Today the ECON (Economic Policy Committee of the European Parliament) will vote on the draft amendment to the European Union’s cryptocurrency regulation (MiCA).
Within it is an amendment that could lead to the banning of Bitcoin.
The amendment to ban Bitcoin in the EU
Despite the fact that a few days ago the author of the draft, Stefan Berger, revealed that he had removed the part of the text dealing with the energy consumption issues of Bitcoin’s Proof-of-Work (PoW), a last-minute amendment has surfaced that would reintroduce it.
Berger filed the final draft a week ago, but the amendment was only proposed in the very last days.
This amendment was not proposed by Berger, but by a former MEP, also German, named Sven Giegold.
On the one hand, it is very likely that the draft proposed by Berger was designed specifically to get the votes to be approved by the Commission, and indeed a positive vote on it is expected.
On the other hand, Giegold’s amendment, along with other similar amendments, has probably only been added in the hope that by some strange combination it will be passed due to “distraction”. Indeed, it is believed to be so unlikely to be passed that crypto markets reacted very little to the news of its introduction yesterday.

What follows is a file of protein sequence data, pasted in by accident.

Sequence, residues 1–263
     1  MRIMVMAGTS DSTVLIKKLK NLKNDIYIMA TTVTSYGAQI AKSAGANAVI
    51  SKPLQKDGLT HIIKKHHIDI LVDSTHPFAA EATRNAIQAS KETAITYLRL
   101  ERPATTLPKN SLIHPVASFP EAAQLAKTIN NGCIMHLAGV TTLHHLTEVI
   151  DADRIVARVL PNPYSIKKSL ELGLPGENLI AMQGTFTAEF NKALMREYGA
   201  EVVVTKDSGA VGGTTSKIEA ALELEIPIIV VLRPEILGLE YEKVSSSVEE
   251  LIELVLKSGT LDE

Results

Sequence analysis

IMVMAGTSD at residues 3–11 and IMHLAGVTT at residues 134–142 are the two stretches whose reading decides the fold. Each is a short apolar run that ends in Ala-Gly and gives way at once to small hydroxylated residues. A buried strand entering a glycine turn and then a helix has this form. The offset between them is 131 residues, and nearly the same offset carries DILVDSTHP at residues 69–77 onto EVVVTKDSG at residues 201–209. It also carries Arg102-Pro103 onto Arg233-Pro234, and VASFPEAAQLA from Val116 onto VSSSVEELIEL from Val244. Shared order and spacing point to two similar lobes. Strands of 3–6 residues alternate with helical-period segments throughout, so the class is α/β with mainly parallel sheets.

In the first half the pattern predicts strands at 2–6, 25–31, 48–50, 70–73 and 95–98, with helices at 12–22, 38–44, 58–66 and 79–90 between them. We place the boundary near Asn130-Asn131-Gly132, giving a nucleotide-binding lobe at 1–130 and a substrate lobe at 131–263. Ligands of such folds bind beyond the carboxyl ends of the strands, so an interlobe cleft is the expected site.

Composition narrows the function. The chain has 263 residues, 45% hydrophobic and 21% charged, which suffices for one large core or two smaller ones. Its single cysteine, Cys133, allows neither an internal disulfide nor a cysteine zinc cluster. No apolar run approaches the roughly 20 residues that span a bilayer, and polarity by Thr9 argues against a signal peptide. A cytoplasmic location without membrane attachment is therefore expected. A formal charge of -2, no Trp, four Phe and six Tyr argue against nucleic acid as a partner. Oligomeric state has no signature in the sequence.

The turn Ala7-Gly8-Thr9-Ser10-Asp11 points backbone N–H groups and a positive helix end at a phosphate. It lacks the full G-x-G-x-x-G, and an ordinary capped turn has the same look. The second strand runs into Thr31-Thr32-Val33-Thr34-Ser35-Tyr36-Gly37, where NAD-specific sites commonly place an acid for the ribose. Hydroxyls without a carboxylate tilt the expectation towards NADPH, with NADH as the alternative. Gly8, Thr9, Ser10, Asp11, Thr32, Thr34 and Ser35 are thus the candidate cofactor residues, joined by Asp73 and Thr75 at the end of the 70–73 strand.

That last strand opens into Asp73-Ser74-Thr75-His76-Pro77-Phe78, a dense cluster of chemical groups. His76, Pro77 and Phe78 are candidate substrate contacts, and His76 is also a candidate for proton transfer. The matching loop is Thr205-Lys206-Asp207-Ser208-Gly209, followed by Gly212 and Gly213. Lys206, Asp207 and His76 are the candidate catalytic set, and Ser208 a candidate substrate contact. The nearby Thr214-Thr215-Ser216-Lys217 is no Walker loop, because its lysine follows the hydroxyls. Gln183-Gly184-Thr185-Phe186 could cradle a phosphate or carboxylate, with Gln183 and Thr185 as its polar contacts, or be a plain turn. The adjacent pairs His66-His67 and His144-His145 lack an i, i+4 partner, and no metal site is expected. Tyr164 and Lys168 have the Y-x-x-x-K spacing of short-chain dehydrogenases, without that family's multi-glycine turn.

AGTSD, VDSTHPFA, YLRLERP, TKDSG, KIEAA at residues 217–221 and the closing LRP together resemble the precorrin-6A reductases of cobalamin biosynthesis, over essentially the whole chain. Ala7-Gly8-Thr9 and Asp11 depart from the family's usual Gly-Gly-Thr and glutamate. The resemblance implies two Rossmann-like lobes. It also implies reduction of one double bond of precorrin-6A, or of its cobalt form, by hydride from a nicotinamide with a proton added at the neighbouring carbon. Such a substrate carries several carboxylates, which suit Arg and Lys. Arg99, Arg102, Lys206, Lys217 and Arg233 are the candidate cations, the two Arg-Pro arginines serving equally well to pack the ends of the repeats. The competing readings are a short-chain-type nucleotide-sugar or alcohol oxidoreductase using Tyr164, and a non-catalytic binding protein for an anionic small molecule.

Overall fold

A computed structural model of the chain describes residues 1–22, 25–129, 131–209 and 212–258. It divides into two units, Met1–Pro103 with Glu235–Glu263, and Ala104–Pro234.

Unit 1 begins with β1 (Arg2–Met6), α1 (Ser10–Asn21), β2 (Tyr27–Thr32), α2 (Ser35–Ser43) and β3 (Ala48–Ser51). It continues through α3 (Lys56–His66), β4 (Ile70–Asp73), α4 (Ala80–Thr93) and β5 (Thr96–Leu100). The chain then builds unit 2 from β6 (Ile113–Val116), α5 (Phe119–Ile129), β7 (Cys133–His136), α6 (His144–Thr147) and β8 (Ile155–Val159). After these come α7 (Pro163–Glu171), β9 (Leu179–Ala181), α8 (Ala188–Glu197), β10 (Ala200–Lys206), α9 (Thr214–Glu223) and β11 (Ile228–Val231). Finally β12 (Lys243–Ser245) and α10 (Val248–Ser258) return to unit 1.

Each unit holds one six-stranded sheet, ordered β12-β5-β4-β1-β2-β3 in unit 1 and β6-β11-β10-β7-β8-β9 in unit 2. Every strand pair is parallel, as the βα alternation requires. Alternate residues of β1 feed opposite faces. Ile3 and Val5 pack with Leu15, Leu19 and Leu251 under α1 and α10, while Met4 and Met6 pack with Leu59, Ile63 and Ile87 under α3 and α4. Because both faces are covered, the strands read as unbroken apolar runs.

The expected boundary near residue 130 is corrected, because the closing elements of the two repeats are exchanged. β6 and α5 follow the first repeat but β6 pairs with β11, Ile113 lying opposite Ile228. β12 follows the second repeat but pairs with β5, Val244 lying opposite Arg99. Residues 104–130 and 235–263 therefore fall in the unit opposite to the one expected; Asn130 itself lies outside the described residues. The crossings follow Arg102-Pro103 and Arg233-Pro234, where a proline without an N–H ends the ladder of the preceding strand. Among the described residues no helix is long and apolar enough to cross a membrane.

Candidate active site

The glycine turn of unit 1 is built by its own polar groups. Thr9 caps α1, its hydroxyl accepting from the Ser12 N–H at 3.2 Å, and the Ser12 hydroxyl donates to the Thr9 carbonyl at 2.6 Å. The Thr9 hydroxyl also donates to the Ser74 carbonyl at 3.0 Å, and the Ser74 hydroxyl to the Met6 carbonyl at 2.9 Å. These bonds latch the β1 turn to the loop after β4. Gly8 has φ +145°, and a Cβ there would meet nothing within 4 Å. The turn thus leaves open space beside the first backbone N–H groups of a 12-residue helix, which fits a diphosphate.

An amendment was introduced in the MiCA that could lead to the ban of Bitcoin
The path of the bill
It is also worth adding that today’s vote is not that of the European Parliament, the only one capable of approving new legislation or changes to existing legislation, but of one of its committees.
Today’s vote will be on a draft amendment to the regulations which, if approved, will require a further vote by the full Parliament before it can come into force.
Furthermore, in the unlikely event that the amendment against Bitcoin is passed, the text that will be proposed to the Parliament will also contain a proposal to ban Bitcoin from European exchanges, or those providing services to EU citizens.
In that case, the chances of such a text actually being approved by the parliament are greatly reduced.
So either Giegold’s idea was to hope for some kind of “miracle”, with the anti-banning Commission accidentally voting down his amendment, or it could be an attempt to sabotage the whole process of the bill. Alternatively, it could also just be a propaganda move to gain some support for his name.
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